Dolphin Research Center’s newest flippered addition is in need of a few helping hands. Thankfully, she has dozens waiting in line.
When DRC staff came to work on the morning of May 31, they were treated to a small miracle in their lagoons: expecting 15-year-old mother Gypsi had given birth to a baby girl overnight.
Though they were overjoyed to finally lay eyes on the calf they had waited a year to meet, their initial reactions were tempered by immediate challenges. As is quite common for first-time dolphin mothers, Gypsi seemed confused as to how to best care for her youngling. The mother and daughter shared a lagoon for a short time with Gypsi’s own 48-year-old mother Tursi, who attempted to guide the calf but was unable to nurse it with the nutrient-rich milk that only her mother could provide.
In an effort to provide the infant with the nutrition and supervision she needed, DRC’s animal care experts elected to move the calf to the facility’s medical pool, a separate habitat that would allow her to be more easily supervised and bottle fed around the clock.
Since the move, the little one has had an endless rotation of animal care staff swimming by her side nearly 24 hours a day, including three-person, three-hour overnight shifts every night – even through last weekend’s tropical storm. Though she’ll venture off on her own at times, her comfort zone is what’s known as the echelon position – swimming slightly beneath the lower body of her caretaker, just as she would ordinarily do with her mother.
Early on, she even allowed trainers to “surf” her, laying on their chests for an easy ride around the surface of her pool. And when she’s tired, she simply cruises into her trainers’ arms and falls asleep for a quick nap.
Nutrition for the calf is one of the team’s main focuses, and though the little one’s mother is not physically present in the pool, Gypsi has pulled her weight in a different capacity. Some may be surprised to learn that as mammals, baby dolphins drink milk from their mothers by curling their specially-designed tongues to create a watertight seal around the nipple in the mother’s mammary slit.
After months of prep work with her trainers leading up to the birth, Gypsi has learned to voluntarily allow the team to extract milk from her mammary glands using gentle suction from a specially-designed dolphin equivalent of a breast pump. Using a combination of this milk and a special infant formula developed by SeaWorld, the baby receives nutrition through a bottle or small tube every 90 minutes, allowing her to take in the necessary fatty calories while still reaping the immune system benefits from her own mother’s milk. At just 30 pounds, weight gain over her first few weeks and months will prove critical for the youngling.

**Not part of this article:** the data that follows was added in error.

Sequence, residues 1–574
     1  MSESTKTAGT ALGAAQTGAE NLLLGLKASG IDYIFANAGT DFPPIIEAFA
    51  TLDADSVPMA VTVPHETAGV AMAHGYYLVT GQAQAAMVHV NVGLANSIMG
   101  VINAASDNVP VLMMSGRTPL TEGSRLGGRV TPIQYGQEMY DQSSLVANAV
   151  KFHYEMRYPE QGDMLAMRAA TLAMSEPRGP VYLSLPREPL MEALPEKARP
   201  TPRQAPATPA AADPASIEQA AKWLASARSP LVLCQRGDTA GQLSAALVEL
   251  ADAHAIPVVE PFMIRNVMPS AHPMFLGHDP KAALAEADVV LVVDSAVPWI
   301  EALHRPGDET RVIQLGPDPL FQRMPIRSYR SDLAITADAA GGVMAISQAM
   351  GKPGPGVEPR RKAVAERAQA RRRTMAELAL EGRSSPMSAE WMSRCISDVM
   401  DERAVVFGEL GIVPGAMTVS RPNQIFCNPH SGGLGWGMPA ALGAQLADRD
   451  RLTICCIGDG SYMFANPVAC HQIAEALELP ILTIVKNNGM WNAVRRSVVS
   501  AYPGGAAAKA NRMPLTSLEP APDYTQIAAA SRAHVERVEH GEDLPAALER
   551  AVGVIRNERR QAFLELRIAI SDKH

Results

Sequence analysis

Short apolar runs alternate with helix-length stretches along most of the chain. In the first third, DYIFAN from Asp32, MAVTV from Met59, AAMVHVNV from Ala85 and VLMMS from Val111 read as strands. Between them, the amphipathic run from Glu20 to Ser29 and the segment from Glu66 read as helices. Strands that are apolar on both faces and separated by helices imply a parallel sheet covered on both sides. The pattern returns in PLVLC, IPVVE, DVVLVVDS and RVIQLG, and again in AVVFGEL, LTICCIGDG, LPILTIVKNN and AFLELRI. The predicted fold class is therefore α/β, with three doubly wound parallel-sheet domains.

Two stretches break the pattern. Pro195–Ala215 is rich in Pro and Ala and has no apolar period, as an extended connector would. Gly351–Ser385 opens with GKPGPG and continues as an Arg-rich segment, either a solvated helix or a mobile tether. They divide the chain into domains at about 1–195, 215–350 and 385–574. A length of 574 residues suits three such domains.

Though DRC’s cautiously optimistic staff has thrown every possible medical advantage at the baby dolphin, the little one remains in a guarded condition through such a vulnerable period of life. Dolphins experience high mortality rates through the first year in both wild and human care settings, and first-time pregnancies are always considered high risk. Some studies of dolphin life expectancies exclude animals that don’t make it through their first year.
DRC’s veterinary and animal care teams will continue to give the baby her best chance to thrive – a chance she more than likely would not have been afforded in the wild. The center has proven extremely successful in raising dozens of dolphin calves in the past, but the present situation is admittedly a first, even for them.
Thankfully, the team can rely on the experience of staff veterinarian Dr. Scott Gearhart, who has successfully raised neonates in his prior career at SeaWorld. The crew has listened to advice from other facilities that faced similar challenges, and has been more than happy to share its experiences with other organizations to add to the ever-growing knowledge base for newborn cetacean care.
According to CEO Rita Irwin, every day with the calf brings a need for constant reassessment as caretakers work to ensure comfort and efficiency for both Gypsi and her calf during milk collections and bottle feedings. Over the course of this interview, animal care staff elected to increase the frequency of the day’s feedings in order to help the baby pack on some pounds. The team leaves no stone unturned, experimenting with all aspects of her care – right down to, for example, the shape and rigidity of the nipple on her bottle.
With no readily available “cetacean bottle” on the shelves of animal care suppliers, DRC’s crew currently uses a version originally designed for bottle-feeding lambs. Providing just the right length and balance between flexibility and rigidity, the design allows the calf to securely latch on and drink without collapsing the nipple with her surprisingly strong tongue.
Adding round-the-clock care for the little one to the daily operations of a large facility has understandably left the staff exhausted. With at least two months to go until the baby can eat solid food, the crew knows they’re in for the long haul.
And yet, each one of them can’t help but smile as they move through a once-in-a-lifetime opportunity to hand-raise the infant. Getting staff to volunteer for shifts at all hours of the day and night isn’t a problem. But telling them to leave a baby dolphin and get some rest? That’s another story. And according to Irwin, she’d expect nothing less.
“It’s DRC at its finest,” she said. “If we could use every staff member, every single person would volunteer to be in here and help her. We say we’re a family, and when families have someone who needs urgent care, we all rally.”
For updates on the calf and donation opportunities to support Dolphin Research Center’s ongoing efforts, follow the facility’s Facebook page or visit www.dolphins.org.
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